Brigit's Flame competitive writing community: November Week 4
Compulsory prompt: The End
Title: "Hail the Victor"
There are still impressions in the carpet from the couch. He steps around where it used to sit and drops into his recliner, one of the remaining pieces of furniture in the room that now seems much too big. The coffee table is still there, but its matching end tables are gone. Their impressions in the carpet frame the couch’s void, making the empty space seem all the larger.
Of course the television is gone. He knew he had no chance of keeping that. Not that it matters; if he still had it, he wouldn’t feel like watching it. So instead he takes in the rest of the room, much darker now that the lamps that sat on the end tables are gone.
There, in the drywall, is the patch that doesn’t quite match the rest of the walls. That’s where he once became so angry at her during one of their fights that he punched a hole through the wall. He was never able to find the proper paint color to cover the hole, and so the mismatched spot was born, a scar to remind of the wounds inflicted in that argument.
He actually forgot about the spot on the carpet. Once she got so angry at him that she smashed her wine glass over the edge of the coffee table and threatened him with the stem. Days later, when things cooled down, they rearranged the furniture to cover the stain that wouldn’t come up.
Funny. Now that he thinks about it, he can’t remember what either of those fights had been about. Actually, now that he’s sitting in the empty room, with the peace and quiet that he spent so many nights hoping for, he doesn’t remember what any of the fights were about. He supposes that it doesn’t matter, now, what caused the fights, only that they happened, and he and she both fought dirty. Neither one of them was ever willing to give up ground, to admit defeat, to compromise. It seems silly that the things that seemed so important then are so pointless now.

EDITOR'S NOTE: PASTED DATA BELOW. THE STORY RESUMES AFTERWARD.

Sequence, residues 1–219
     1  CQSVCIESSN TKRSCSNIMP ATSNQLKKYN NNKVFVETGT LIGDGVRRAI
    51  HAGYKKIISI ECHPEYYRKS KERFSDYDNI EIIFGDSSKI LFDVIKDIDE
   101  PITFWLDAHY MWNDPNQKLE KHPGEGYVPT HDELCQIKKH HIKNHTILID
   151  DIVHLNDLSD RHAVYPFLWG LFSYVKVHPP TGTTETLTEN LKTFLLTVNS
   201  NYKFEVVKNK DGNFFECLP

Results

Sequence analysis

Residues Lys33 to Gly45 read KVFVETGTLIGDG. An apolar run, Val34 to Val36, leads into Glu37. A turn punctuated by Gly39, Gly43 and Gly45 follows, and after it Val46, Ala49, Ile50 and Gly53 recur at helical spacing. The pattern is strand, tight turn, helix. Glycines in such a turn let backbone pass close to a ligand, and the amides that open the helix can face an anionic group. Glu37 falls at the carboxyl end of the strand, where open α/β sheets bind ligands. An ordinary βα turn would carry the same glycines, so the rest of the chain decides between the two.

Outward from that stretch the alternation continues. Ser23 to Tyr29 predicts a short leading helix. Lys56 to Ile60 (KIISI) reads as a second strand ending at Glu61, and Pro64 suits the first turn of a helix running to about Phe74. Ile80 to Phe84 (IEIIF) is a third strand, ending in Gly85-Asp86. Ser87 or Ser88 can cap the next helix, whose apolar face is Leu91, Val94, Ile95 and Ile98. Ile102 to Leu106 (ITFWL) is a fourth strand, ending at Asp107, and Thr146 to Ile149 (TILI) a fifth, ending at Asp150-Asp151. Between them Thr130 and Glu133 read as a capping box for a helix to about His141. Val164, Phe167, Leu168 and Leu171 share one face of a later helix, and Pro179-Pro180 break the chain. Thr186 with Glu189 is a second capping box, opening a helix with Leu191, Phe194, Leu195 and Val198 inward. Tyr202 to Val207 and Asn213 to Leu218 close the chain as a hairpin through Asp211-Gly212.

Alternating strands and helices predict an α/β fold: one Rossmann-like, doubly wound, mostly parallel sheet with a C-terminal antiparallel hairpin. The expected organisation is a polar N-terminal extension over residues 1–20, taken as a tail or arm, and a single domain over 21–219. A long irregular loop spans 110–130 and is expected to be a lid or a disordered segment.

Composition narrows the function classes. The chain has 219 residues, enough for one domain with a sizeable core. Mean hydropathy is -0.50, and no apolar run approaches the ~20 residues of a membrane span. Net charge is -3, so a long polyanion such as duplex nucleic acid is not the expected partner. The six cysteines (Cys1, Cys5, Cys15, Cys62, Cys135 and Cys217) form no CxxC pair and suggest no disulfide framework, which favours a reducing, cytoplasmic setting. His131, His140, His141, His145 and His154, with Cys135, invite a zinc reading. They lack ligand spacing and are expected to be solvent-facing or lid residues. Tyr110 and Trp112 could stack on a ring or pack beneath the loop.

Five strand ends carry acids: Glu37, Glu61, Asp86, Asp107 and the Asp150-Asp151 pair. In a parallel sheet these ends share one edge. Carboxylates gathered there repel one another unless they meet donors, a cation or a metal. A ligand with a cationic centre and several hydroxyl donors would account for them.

What he does remember is the origin of the small smudge on the otherwise perfect ceiling. When they finally saved up enough for the down payment on the house, they splurged and bought a bottle of moderately-priced, non-vintage, domestic champagne. Neither one of them knew how to open it, so the cork had hit the ceiling and nearly put his eye out. They had laughed so hard.
Don’t forget about the fights, he reminds himself. Remember how bad they were. How loud and violent each of you became. Life wasn’t nearly as happy as that night with that champagne, so don’t bother kidding yourself.
The fighting is over, now. There are no screaming voices, no accusing shouts, no blame being thrown around like sharpened knives.
No happy laughter. No squeals of joy. No come-and-get-me teasing.
He presses his face into his hands and his chest shudders. “Hail the victor.”